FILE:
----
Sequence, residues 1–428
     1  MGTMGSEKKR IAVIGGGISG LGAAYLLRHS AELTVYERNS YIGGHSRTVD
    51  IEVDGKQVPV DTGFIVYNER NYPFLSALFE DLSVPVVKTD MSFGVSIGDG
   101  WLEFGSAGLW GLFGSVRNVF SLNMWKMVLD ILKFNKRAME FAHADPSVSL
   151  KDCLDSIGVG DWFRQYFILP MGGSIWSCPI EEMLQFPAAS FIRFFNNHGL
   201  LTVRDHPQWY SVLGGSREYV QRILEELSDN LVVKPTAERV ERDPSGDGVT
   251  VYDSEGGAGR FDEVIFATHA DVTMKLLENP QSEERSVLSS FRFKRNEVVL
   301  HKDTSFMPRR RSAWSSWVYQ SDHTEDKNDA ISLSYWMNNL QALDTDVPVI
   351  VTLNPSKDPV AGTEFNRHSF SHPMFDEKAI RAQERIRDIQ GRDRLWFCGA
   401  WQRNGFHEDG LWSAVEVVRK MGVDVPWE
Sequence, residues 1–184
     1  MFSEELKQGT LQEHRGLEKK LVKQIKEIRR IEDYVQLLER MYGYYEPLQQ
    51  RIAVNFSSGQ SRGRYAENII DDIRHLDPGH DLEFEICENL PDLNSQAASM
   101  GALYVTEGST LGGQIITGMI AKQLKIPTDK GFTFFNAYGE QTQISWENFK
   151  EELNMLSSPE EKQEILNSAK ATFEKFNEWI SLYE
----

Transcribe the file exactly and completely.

Sequence, residues 1–428
     1  MGTMGSEKKR IAVIGGGISG LGAAYLLRHS AELTVYERNS YIGGHSRTVD
    51  IEVDGKQVPV DTGFIVYNER NYPFLSALFE DLSVPVVKTD MSFGVSIGDG
   101  WLEFGSAGLW GLFGSVRNVF SLNMWKMVLD ILKFNKRAME FAHADPSVSL
   151  KDCLDSIGVG DWFRQYFILP MGGSIWSCPI EEMLQFPAAS FIRFFNNHGL
   201  LTVRDHPQWY SVLGGSREYV QRILEELSDN LVVKPTAERV ERDPSGDGVT
   251  VYDSEGGAGR FDEVIFATHA DVTMKLLENP QSEERSVLSS FRFKRNEVVL
   301  HKDTSFMPRR RSAWSSWVYQ SDHTEDKNDA ISLSYWMNNL QALDTDVPVI
   351  VTLNPSKDPV AGTEFNRHSF SHPMFDEKAI RAQERIRDIQ GRDRLWFCGA
   401  WQRNGFHEDG LWSAVEVVRK MGVDVPWE
Sequence, residues 1–184
     1  MFSEELKQGT LQEHRGLEKK LVKQIKEIRR IEDYVQLLER MYGYYEPLQQ
    51  RIAVNFSSGQ SRGRYAENII DDIRHLDPGH DLEFEICENL PDLNSQAASM
   101  GALYVTEGST LGGQIITGMI AKQLKIPTDK GFTFFNAYGE QTQISWENFK
   151  EELNMLSSPE EKQEILNSAK ATFEKFNEWI SLYE